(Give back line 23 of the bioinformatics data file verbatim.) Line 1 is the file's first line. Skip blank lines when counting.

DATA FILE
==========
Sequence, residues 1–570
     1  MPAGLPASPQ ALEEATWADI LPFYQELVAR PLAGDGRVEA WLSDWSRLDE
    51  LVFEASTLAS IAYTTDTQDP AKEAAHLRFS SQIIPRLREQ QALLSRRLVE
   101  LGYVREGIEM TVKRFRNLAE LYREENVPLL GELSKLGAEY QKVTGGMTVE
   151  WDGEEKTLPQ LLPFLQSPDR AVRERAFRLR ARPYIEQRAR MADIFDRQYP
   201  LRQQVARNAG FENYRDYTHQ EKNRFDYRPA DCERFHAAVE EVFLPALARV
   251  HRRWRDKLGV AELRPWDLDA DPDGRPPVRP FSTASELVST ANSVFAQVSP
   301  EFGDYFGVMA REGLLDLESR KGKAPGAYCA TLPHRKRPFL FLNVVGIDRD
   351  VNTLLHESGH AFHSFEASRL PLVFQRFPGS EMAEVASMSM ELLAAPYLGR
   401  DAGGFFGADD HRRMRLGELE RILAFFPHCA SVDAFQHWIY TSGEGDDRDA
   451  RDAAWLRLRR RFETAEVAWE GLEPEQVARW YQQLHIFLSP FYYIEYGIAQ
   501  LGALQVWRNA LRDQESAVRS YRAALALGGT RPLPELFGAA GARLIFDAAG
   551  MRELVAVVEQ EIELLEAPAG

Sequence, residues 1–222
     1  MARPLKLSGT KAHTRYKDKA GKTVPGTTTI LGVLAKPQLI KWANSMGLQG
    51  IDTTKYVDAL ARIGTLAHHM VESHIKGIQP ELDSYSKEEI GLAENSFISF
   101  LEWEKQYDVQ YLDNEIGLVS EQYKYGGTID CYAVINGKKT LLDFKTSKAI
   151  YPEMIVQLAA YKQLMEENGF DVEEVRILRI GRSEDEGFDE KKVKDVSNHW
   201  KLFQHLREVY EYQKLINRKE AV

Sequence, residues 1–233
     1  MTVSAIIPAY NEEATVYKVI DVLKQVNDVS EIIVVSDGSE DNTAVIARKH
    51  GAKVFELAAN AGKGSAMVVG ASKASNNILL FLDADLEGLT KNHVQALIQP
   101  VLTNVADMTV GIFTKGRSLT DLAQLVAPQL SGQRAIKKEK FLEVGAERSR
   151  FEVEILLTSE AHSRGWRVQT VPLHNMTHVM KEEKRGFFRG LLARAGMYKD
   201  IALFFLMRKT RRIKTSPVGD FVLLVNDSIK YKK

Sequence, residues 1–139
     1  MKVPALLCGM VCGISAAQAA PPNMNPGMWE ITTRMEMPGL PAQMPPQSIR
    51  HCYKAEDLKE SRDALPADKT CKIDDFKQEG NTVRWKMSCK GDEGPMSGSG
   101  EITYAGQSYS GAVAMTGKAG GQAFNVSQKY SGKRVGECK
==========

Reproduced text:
   101  VLTNVADMTV GIFTKGRSLT DLAQLVAPQL SGQRAIKKEK FLEVGAERSR